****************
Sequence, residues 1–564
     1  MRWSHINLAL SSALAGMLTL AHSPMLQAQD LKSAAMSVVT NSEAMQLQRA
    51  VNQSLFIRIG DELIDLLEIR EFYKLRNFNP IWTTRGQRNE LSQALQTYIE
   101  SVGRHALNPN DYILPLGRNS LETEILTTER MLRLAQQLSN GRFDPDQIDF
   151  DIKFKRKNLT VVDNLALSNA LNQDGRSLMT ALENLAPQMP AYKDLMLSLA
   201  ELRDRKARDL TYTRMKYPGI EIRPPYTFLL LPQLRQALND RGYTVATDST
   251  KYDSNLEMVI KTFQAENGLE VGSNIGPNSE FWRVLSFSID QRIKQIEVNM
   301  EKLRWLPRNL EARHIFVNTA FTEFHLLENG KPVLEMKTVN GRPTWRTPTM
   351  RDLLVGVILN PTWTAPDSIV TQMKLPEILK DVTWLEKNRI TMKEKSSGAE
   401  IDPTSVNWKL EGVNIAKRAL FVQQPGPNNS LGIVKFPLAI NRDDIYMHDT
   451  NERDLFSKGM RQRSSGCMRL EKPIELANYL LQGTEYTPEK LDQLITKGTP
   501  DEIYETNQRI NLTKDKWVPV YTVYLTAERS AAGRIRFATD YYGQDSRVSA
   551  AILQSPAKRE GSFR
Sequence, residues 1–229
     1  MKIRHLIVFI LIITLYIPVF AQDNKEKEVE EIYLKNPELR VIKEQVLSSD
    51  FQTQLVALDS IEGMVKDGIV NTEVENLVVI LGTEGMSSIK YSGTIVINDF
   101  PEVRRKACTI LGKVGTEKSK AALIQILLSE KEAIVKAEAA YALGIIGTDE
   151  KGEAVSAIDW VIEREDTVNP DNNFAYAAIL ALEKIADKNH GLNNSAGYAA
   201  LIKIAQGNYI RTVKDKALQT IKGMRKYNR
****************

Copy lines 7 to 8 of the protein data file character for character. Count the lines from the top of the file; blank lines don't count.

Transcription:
   251  KYDSNLEMVI KTFQAENGLE VGSNIGPNSE FWRVLSFSID QRIKQIEVNM
   301  EKLRWLPRNL EARHIFVNTA FTEFHLLENG KPVLEMKTVN GRPTWRTPTM